We work with geoscientists studying erosion and desertification to improve the spatial and temporal resolution of their data collection over long transects in difficult realworld environments such as deserts. The Minitaur robot, which can run quickly over uneven terrain and use a single leg to measure relevant ground properties such as stiffness, is an attractive scout robot candidate for inclusion in a heterogeneous team in collaboration with a heavily geared, sensor-laden RHex. However, Minitaur is challenged by long-distance locomotion on sand dunes. Previous simulation results suggested that the energetic cost of transport can be mitigated by programming a virtual damping force to slow the intrusion of a Minitaur foot into simulated granular media following a bulk-behavior force law. In this paper, we present a ground emulator that can be used to test such locomotion hypotheses with a physical single-legged hopper jumping on emulated ground programmed to exhibit any compliance and damping characteristics of interest. The new emulator allows us to corroborate the conclusions of our previous simulation with physical hopping experiments. Programming the substrate emulator to exhibit the mechanics of a simplified bulk-behavior model of granular media characterized by linear stiffness and quadratic damping, we achieve a consistent energy savings of 20% in comparison with a nominal controller, with savings of up to 50% under specific conditions.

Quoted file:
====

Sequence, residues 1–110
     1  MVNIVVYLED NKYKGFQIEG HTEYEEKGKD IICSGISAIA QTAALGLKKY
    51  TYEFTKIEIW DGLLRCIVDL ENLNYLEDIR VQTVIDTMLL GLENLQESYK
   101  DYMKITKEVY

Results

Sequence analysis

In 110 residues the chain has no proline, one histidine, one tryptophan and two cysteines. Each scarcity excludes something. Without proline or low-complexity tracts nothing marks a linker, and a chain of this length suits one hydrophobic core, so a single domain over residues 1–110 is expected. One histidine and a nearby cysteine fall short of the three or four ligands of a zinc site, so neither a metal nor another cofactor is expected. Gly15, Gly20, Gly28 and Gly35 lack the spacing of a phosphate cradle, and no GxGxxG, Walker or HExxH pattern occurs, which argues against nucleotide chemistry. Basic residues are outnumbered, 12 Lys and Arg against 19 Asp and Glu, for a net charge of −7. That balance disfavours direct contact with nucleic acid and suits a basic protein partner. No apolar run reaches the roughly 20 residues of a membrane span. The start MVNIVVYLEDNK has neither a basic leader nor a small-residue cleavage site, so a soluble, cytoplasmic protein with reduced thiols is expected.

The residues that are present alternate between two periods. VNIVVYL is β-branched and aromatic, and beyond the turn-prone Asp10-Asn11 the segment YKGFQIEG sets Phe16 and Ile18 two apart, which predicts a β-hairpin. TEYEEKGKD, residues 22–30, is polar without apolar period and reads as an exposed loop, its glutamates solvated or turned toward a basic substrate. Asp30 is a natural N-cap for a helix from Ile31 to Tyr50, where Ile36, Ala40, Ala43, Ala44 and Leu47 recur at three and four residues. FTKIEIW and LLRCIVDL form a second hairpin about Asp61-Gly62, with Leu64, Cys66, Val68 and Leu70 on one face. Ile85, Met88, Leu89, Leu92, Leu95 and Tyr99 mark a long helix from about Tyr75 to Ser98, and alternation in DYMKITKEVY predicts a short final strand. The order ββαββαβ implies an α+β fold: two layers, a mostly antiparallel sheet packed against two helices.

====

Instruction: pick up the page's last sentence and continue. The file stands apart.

For more information, see https://kodlab.seas.upenn.edu.

Task-Based Control and Design of a BLDC Actuator for Robotics